Obedience to Authority: The Experiment that Challenged Human Nature
This book presents the methodology, results, and formulated knowledge from the famous Stanley Milgram shock experiments and presents the thoughts of the man who created it.
Milgram begins by discussing the nature of obedience as it relates to everyday social life as well as the not-soon-forgotten implications of obedience as was displayed in the historical debacle known as WWII and the holocaust.
Milgram then sets up a method of inquiry into the nature of obedience with this Shock experiments in which a subject "teacher" at the command of an experimenter is to administer shocks to a "learner" who must answer a word pairing set up. The experiment is set up such that the learner who gets shocked is a paid actor who is faking pain and eventual death. The experimenter only replies to the complaints of the subject by telling him that the "experiment must continue" and that "there is no permanent tissue damage."
The shocks start small and increase in intensity until the shocks reach fatal levels.
The results of the baseline experiment showed that 65% of the subjects tested were obedient (remained in the experiment until fatal shocks were delivered)
Most subjects displayed extreme tension and anxiety during the experiment.
Several variations of the experiment were conducted including variations where the subject had to hold the learners hands to electrified plates to variations where the only signal from the learner was a light to indicate an answer. The variations of the experiment showed that increased proximity to the victim increased disobedience while increased proximity to the experimenter increased obedience.
Variations also included changes of personnel and personality types in the different roles and even multiple teachers. If the experimenter was not authoritative or a professional, disobedience would increase. If both learner and experimenter were professional authorities, the experiment would halt immediately.
In examining the results, Milgram found that people transition between two states of operations:
1) Autonomous State
2) Agentic State
In the autonomous state, the person is an individual where motivation and responsibility for one's actions are derived from one's own self. Here the overriding determinant of morality is the self which generally means that harm of others is avoided at all costs.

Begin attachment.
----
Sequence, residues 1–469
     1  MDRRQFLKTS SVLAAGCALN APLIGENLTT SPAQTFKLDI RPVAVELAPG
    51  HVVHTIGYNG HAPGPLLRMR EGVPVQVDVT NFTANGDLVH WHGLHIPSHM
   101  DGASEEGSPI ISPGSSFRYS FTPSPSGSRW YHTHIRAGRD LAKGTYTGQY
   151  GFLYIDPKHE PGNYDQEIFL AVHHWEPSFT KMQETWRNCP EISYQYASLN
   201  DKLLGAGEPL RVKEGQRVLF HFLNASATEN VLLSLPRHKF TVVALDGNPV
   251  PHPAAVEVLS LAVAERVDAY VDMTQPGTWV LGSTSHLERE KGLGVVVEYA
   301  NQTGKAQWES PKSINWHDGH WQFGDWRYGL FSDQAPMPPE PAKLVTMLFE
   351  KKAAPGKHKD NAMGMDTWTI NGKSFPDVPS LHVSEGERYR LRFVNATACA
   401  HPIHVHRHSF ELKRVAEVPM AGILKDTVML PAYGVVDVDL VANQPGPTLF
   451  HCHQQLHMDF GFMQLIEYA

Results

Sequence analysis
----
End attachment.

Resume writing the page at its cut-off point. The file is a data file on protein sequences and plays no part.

However, in the agentic state, the individual relinquishes responsibility for his or her actions onto the authority who issues commands presumably for a justifiable cause that benefits society in some way, whether the society is immediate or at some nebulous level. Since responsibility is with the authority, the judging of the morality of one's actions is bypassed and entrusted to the authority. Milgram argues that we are predisposed to obey the authority to preserve the structure of society. Morality is now viewed in terms of obedience, loyalty, duty, discipline, and self sacrifice.
Immediate Antecedent Conditions: (to entering authority)
Perception of Authority
Entry into Authority System
Coordination of Command with the Function of Authority
Sequential Nature of the Action
Resolution of Strain:
Milgram notes that the steps to disobeying an authority are psychically painful and is done only as a last resort.
The steps toward dissobedience are:
Externalization of doubt
Milgram also mentions several stain-resolving mechanisms that help an individual remain obedient.
Obedience to Authority, despite being several decades old, the book and the associated research has not lost any of the potency to shock (no pun intended) the reader at the apparent hardheartedness of humanity.
Milgram deconstructs and carefully examines each component of his experiment and comes up with a thorough theory of obedience that I think does much to explain the nature of authority.
With this viewpoint of authority, we begin to see man in a different light. A light where sources of authority should be held with great distrust as they hold with it the actions of every man under that authority.
The idea that really strikes me is how when switching to the Agentic State the nature of how one interprets morality is changed from one's own morals to the 'virtues' (perhaps principles is a better word) of obedience, loyalty, duty, discipline, and self sacrifice.
However, the Agentic virtues are only virtues when the aim of the authority is
toward benevolent ends accompanied with benevolent means.
Malicious ends and malicious means should be rebelled against!
Those in places of authority and power MUST act with morality.
In the end, we come to the quote (of debated origins),
"With great power comes great responsibility."
or as Jesus Christ says in the Gospel of Luke, chapter 12, verse 48: "For unto whomsoever much is given, of him shall be much required: and to whom men have committed much, of him they will ask the more."
Here's some more food for thought:
"...those of us who heedlessly accept the commands of authority cannot yet claim to be civilized men." -Harold J. Laski (Not that I'm a proponent of the Labour Party)
“Unthinking respect for authority is the greatest enemy of truth.” -Albert Einstein